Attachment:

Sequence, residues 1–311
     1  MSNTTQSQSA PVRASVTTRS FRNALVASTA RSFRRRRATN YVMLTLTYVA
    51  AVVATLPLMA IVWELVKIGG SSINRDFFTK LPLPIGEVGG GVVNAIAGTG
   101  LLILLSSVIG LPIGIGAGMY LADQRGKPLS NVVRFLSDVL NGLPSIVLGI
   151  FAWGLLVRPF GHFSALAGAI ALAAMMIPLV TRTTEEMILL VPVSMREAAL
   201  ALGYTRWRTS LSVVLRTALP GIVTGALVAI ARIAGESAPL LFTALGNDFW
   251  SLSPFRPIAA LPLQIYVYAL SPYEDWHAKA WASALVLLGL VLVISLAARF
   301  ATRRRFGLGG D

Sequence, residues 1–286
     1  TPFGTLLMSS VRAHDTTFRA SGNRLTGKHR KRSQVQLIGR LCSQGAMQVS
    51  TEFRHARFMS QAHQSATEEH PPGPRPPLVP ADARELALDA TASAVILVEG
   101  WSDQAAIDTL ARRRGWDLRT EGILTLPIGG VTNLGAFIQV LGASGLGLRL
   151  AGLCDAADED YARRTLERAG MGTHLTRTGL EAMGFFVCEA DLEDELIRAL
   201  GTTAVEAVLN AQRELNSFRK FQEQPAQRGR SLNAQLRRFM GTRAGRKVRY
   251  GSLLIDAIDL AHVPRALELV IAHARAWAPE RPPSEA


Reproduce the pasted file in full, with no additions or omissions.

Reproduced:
Sequence, residues 1–311
     1  MSNTTQSQSA PVRASVTTRS FRNALVASTA RSFRRRRATN YVMLTLTYVA
    51  AVVATLPLMA IVWELVKIGG SSINRDFFTK LPLPIGEVGG GVVNAIAGTG
   101  LLILLSSVIG LPIGIGAGMY LADQRGKPLS NVVRFLSDVL NGLPSIVLGI
   151  FAWGLLVRPF GHFSALAGAI ALAAMMIPLV TRTTEEMILL VPVSMREAAL
   201  ALGYTRWRTS LSVVLRTALP GIVTGALVAI ARIAGESAPL LFTALGNDFW
   251  SLSPFRPIAA LPLQIYVYAL SPYEDWHAKA WASALVLLGL VLVISLAARF
   301  ATRRRFGLGG D

Sequence, residues 1–286
     1  TPFGTLLMSS VRAHDTTFRA SGNRLTGKHR KRSQVQLIGR LCSQGAMQVS
    51  TEFRHARFMS QAHQSATEEH PPGPRPPLVP ADARELALDA TASAVILVEG
   101  WSDQAAIDTL ARRRGWDLRT EGILTLPIGG VTNLGAFIQV LGASGLGLRL
   151  AGLCDAADED YARRTLERAG MGTHLTRTGL EAMGFFVCEA DLEDELIRAL
   201  GTTAVEAVLN AQRELNSFRK FQEQPAQRGR SLNAQLRRFM GTRAGRKVRY
   251  GSLLIDAIDL AHVPRALELV IAHARAWAPE RPPSEA